The best guess at the moment is that some paid students who work for the instructors (and which might include the artist who designed the work) will paint it this summer. They might — alternately — just clearcoat it rather than paint it. But either of those options requires some level of stability in the face of Covid-19, and that is not a given at this point.

It’s sad the work isn’t done and ready for display, but viruses don’t really care about our puny plans.

In any case, Heather created a lovely project, and I really like it. With luck it will get finished and displayed. If possible I will be there for the opening to congratulate her. (And yes, I know this was a group effort, but in my mind it’s her design. I and others may get credit for helping to put it together, but she gets the credit for the art aspects of it. At least for me.)

There is no other work outstanding for this class. Like wheel throwing, it’s over and done with.


Sadly, because the studios are closed, any such pour of bronze will not happen while I am around, and I won’t control the results. But the instructors suggest they will look into ways to pour these if they can, so I might get the final object back eventually, if all goes well.

To complete this class, we’ve got some written work to do in the next couple of weeks. Had we finished the class normally, that would not have been the case. Instead we’d have discussed things during crit. I’ll be doing that written stuff over the weekend, I think, just to get it done.

Harbour News

Other Stuff

And if we’re not locked down, I might take some walks and share some photos from those, kind of like this:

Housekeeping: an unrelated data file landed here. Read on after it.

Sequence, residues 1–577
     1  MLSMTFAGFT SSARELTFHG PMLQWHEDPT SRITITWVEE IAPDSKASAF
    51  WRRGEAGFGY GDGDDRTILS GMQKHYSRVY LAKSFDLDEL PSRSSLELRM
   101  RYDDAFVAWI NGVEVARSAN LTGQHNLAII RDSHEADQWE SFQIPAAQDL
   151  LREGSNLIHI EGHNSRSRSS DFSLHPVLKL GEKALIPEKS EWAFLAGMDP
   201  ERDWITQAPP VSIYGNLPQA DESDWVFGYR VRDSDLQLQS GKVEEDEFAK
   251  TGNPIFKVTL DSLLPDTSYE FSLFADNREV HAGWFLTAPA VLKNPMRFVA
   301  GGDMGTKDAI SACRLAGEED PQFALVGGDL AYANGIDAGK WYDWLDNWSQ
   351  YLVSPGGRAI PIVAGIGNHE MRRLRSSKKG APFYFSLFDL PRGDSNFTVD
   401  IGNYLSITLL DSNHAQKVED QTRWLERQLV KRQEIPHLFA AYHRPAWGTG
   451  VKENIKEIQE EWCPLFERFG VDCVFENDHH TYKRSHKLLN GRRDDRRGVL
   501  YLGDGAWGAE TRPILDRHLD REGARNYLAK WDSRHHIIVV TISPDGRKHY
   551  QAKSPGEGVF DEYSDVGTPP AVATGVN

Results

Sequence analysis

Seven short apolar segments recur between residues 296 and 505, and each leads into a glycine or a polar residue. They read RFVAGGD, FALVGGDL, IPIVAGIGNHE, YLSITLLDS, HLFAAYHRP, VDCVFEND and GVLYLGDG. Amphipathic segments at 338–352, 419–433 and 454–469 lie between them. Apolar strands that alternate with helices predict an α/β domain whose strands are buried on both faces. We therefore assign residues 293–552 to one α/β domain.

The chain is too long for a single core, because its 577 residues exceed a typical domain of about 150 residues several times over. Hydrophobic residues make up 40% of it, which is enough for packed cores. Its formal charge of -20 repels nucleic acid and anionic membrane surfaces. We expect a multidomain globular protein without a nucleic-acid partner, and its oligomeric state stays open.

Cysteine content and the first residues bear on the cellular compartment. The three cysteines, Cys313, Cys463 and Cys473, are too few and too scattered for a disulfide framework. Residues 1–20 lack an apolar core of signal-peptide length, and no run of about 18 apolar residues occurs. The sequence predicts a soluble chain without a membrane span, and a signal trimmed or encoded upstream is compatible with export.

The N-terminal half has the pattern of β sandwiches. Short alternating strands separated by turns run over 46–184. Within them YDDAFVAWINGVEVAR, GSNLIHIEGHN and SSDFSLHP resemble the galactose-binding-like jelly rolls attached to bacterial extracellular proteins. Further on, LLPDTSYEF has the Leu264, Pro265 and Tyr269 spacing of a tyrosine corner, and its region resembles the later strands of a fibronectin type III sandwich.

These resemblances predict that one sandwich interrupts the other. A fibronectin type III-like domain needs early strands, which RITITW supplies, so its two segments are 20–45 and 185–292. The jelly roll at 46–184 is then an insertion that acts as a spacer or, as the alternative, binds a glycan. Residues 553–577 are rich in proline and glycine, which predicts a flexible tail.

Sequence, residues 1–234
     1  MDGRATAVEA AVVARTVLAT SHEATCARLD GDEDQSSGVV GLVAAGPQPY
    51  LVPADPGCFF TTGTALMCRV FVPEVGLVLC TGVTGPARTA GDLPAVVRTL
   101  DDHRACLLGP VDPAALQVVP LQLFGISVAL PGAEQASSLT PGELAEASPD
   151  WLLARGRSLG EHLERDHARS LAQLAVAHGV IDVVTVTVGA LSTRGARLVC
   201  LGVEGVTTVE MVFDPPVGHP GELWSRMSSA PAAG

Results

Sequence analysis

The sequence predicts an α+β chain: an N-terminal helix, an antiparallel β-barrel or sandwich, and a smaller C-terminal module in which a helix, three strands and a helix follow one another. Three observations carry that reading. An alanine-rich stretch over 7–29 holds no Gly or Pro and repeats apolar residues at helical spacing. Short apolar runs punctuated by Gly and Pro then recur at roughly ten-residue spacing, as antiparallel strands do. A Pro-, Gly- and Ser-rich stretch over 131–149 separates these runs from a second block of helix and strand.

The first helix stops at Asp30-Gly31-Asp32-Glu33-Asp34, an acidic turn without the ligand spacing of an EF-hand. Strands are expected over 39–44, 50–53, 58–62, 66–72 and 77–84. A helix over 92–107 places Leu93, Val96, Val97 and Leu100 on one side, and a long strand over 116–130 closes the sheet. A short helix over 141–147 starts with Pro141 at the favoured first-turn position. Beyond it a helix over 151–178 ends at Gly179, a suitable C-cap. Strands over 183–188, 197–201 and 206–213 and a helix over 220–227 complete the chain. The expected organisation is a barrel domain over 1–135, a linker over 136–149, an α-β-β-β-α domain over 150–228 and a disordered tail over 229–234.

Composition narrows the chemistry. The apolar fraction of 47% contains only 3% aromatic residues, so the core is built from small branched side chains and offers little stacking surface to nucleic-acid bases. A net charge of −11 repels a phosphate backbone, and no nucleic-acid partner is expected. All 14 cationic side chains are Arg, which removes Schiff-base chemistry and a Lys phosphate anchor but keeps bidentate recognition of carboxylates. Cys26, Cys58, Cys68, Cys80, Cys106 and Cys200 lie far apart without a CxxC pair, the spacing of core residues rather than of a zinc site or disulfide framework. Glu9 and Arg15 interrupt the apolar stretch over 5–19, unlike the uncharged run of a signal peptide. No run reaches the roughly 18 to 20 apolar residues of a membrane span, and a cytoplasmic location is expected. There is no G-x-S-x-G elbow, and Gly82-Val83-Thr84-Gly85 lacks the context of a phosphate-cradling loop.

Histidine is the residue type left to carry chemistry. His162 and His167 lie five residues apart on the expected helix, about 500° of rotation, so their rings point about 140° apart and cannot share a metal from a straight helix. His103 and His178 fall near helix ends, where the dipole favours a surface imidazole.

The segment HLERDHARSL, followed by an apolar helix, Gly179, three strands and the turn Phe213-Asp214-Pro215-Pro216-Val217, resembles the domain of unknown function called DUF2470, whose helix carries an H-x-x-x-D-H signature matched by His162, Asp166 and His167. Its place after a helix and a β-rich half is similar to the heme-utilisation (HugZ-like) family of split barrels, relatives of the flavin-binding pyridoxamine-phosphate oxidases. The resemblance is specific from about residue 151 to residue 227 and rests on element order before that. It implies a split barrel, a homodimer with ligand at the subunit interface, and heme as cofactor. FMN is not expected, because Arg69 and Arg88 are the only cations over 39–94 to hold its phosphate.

Perhaps half a mile from our house there’s a lovely little pond along a trail I walk on occasion. In this pond there are sometimes ducks. Apparently many people feed the ducks despite the big sign saying not to, because the ducks all swim over to beg for food if you stop to take a look. There were perhaps ten of them in the pond on Thursday, but this photo of two of the male mallards was the best of the photos I took.

I don’t know if or when I will get back to check on them again, but if the rules and the weather allow, I know I will be taking some walks in the coming week just to keep sane.

And In Conclusion…

This is Tinkerbelle and one of her chew toys. Yes, she really left it standing up like that. She manages that moderately regularly. I don’t know why. Maybe it’s how it was in which she last chewed on it. Or perhaps she’s proud of her ability to create a standing, toe-stubbing hazard. The mind of a dog is a tiny place, and I can shed no light on its internal workings.

In any case, both Tinkerbell and I wish you all the best. Please stay healthy and safe in these trying times. If you want to, email, text, or call. Personal contact is going to matter a lot in coming days, so if I can help, please let me know.

Sculptor/Artist. Former programmer. Former volunteer firefighter. Former fencer. Weirdest resume on the planet, I suspect.